Shooting stars are back in our sky, with the annual passage of the Leonids. The peak is expected on the night of Friday November 17 from midnight, with a particularity this year, colorful meteors.
Up to fifteen shooting stars per hour: this is the magnificent spectacle that will be offered to astronomy enthusiasts on the night of this Friday 17 to Saturday 18 November.
Like every year in autumn, the Earth will encounter the Leonie swarm, a mass of dust made up of debris left by comet 55P/Tempel-Tuttle which passes through the solar system every 33 years.
These dusts, or meteorites, become luminous when they enter the Earth’s atmosphere and form shooting stars which can travel at a speed greater than 70 kilometers per second, specifies Science and future.
If there are fewer of them this year than last year (several hundred at the peak of the period in 2022), NASA has specified that the shooting stars will be colored this year.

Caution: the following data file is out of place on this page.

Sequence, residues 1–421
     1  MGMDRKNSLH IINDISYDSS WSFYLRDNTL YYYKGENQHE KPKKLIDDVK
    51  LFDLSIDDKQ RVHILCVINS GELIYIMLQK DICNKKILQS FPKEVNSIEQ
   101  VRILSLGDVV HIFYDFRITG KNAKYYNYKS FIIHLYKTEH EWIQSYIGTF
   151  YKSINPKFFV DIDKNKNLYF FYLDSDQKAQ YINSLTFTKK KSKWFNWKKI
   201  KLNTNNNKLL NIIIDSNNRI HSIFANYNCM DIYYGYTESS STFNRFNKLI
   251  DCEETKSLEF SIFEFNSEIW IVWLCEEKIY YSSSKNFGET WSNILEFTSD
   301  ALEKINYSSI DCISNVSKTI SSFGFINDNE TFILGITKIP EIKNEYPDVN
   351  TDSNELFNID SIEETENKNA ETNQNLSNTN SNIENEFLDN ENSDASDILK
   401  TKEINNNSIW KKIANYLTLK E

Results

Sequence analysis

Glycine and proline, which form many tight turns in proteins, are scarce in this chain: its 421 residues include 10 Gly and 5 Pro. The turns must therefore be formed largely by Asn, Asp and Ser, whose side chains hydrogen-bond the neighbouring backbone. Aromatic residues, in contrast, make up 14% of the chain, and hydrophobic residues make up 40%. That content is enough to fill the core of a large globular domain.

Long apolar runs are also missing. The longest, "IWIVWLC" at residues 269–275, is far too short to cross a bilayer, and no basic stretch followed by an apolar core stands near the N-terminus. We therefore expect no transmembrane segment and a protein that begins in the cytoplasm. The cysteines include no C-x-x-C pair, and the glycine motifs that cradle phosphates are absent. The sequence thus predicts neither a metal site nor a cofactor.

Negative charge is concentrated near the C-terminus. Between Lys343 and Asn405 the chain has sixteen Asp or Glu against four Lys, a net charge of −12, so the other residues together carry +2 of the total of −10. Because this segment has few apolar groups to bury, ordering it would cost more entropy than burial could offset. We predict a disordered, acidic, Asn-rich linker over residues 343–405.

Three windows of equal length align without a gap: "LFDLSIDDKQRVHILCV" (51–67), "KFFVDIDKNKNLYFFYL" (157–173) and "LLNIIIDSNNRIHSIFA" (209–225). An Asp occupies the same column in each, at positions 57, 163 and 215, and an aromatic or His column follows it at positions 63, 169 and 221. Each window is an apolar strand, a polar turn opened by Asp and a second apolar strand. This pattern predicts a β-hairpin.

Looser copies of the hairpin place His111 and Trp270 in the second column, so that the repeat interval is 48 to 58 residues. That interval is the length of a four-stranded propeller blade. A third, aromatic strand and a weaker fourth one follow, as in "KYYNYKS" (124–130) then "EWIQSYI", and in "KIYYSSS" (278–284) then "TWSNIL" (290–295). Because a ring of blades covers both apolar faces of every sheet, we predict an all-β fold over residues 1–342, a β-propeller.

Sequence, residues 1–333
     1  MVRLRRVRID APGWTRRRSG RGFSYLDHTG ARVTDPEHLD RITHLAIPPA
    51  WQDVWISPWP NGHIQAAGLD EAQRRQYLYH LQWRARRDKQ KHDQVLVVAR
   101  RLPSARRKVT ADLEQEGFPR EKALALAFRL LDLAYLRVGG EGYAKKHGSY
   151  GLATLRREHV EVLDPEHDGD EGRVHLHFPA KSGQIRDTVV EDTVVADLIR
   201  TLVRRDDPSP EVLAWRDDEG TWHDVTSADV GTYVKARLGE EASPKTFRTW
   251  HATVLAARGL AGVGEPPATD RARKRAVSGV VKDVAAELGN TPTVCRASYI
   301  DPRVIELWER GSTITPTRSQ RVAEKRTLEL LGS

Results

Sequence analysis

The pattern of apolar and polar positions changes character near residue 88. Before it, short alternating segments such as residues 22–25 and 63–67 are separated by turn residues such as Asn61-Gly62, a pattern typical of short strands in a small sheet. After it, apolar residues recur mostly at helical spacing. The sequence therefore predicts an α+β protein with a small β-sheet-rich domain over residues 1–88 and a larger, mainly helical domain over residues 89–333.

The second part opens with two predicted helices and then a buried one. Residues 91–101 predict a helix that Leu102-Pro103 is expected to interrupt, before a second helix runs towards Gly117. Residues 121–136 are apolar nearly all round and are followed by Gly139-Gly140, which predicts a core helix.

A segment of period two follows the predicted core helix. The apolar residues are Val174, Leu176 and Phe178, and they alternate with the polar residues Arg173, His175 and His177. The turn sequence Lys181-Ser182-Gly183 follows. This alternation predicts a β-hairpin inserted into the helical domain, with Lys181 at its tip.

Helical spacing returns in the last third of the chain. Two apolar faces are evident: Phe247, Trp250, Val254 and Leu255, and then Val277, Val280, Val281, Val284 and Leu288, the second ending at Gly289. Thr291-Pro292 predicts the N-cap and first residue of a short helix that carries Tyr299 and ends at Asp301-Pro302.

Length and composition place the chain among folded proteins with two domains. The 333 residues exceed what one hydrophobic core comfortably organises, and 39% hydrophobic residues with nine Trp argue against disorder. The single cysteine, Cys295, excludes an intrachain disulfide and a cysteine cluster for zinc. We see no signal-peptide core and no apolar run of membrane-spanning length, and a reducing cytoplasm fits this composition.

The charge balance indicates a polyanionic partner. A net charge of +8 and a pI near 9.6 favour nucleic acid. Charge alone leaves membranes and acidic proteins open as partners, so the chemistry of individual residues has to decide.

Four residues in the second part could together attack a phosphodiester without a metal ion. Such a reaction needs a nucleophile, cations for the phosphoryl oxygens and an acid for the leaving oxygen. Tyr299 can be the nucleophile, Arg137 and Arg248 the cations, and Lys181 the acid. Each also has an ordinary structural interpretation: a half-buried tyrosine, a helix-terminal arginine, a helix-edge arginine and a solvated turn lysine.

The American Meteor Society explains that the moon is in its waxing phase, and the sky will be much darker than last year, therefore favorable conditions for hoping to see shooting stars with the naked eye.
The ideal way to observe them is to avoid the light pollution of urban areas and to settle down, well covered, in a field in the countryside and look towards the east. You will also need to be patient to witness this phenomenon optimally because the rain in Léonies will not be visible before midnight.
Unfortunately, the sky in the northwestern half of France is expected to be covered in clouds, according to Météo France. But the East and the southern half of the country should be able to quietly observe this free fall spectacle.
Gn Fr tech